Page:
Newswise — Geneva, Switzerland, 08 July 2014.
The International Federation of University Women (IFUW) calls on all governments, regional agencies and other relevant bodies to incorporate a gender-specific perspective in gathering, analysing and publishing indicators of development, so that gender disparities and biases can be properly identified and addressed. The compilation and publication of data, which specifically examines the participation of girls and women in society, is needed immediately so as to track the progress being made in achieving the Millennium Development Goals (MDGs) and the post-2015 Sustainable Development Goals (SDGs).
IFUW President Catherine Bell emphasised that “it is not enough to show general, aggregated trends of development within countries. Given the increased vulnerability of girls and women in areas such as education, health and employment, we must have gender indicators that accurately reflect whether and to what extent progress is being made in closing gender inequalities.”
Both the UN Population Fund (UNFPA) and the UN Commission on the Status of Women (CSW) have expressed concern that not all countries are using gender disaggregated data and thus “do not provide sufficient information about the situation of women and girls throughout their life cycle”.(1) Where gender disaggregated data does exist, the results provide concrete cause for concern in terms of the disparities between male and female empowerment. Gender statistics within education highlight the stark reality of inequality; of the 774 million people who are illiterate in the world, over two thirds are female, while there are 4 million more boys than girls enrolled in primary education.(2)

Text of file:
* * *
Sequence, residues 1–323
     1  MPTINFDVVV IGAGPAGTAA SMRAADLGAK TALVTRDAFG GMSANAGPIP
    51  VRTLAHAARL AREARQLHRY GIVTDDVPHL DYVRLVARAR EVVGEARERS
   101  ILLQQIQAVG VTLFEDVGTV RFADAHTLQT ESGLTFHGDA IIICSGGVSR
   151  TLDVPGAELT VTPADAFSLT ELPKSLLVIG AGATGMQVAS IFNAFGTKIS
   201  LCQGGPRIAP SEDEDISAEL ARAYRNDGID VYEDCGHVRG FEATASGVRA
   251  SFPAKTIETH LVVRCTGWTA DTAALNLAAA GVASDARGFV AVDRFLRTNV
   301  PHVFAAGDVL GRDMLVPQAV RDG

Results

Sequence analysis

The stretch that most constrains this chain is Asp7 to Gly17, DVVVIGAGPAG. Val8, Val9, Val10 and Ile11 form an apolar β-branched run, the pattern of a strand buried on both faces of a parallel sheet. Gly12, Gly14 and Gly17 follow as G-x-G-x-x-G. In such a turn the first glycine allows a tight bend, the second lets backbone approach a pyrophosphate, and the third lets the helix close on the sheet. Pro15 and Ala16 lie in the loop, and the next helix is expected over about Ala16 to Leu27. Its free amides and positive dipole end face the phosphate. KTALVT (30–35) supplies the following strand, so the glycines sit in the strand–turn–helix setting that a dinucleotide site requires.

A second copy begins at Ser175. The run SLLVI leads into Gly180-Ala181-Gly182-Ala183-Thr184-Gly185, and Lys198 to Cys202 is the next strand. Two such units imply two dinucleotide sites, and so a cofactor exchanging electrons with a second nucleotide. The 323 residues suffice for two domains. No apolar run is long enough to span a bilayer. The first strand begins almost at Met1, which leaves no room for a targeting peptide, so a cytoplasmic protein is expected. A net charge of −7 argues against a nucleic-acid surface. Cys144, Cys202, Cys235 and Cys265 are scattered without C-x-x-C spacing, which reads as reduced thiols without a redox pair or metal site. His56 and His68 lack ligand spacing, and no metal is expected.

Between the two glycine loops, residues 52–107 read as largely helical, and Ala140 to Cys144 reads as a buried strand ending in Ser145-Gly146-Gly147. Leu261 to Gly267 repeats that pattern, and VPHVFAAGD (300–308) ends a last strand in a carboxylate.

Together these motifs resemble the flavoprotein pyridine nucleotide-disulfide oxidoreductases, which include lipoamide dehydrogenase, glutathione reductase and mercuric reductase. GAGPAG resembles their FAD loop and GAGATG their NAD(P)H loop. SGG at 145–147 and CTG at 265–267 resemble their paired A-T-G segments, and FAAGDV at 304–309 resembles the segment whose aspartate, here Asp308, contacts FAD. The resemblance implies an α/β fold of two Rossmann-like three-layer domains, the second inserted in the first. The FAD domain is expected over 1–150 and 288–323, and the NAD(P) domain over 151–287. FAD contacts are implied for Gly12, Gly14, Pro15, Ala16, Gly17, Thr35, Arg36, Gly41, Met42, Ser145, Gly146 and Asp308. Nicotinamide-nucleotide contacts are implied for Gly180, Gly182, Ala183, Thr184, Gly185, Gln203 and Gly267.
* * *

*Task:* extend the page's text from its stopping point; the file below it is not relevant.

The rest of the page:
The International Federation of University Women (IFUW) is based in Geneva, Switzerland, and has an international membership. Founded in 1919, IFUW is the leading girls’ and women’s global organisation run by and for women, advocating for women’s rights, equality and empowerment through access to quality education and training up to the highest levels.
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1 UN Commission on the Status of Women, ‘Challenges and achievements in the implementation of the Millennium Development Goals for women and girls: Agreed Conclusions’ 58th Session, 10-21 March, 2014 UN Doc. E/CN.6/2014/L.7.
2 UNESCO ‘Education for all Global Monitoring Report: Girls’ Education- The Facts’ October 2013 http://www.unesco.org/new/fileadmin/MULTIMEDIA/HQ/ED/GMR/images/2011/girls-factsheet-en.pdf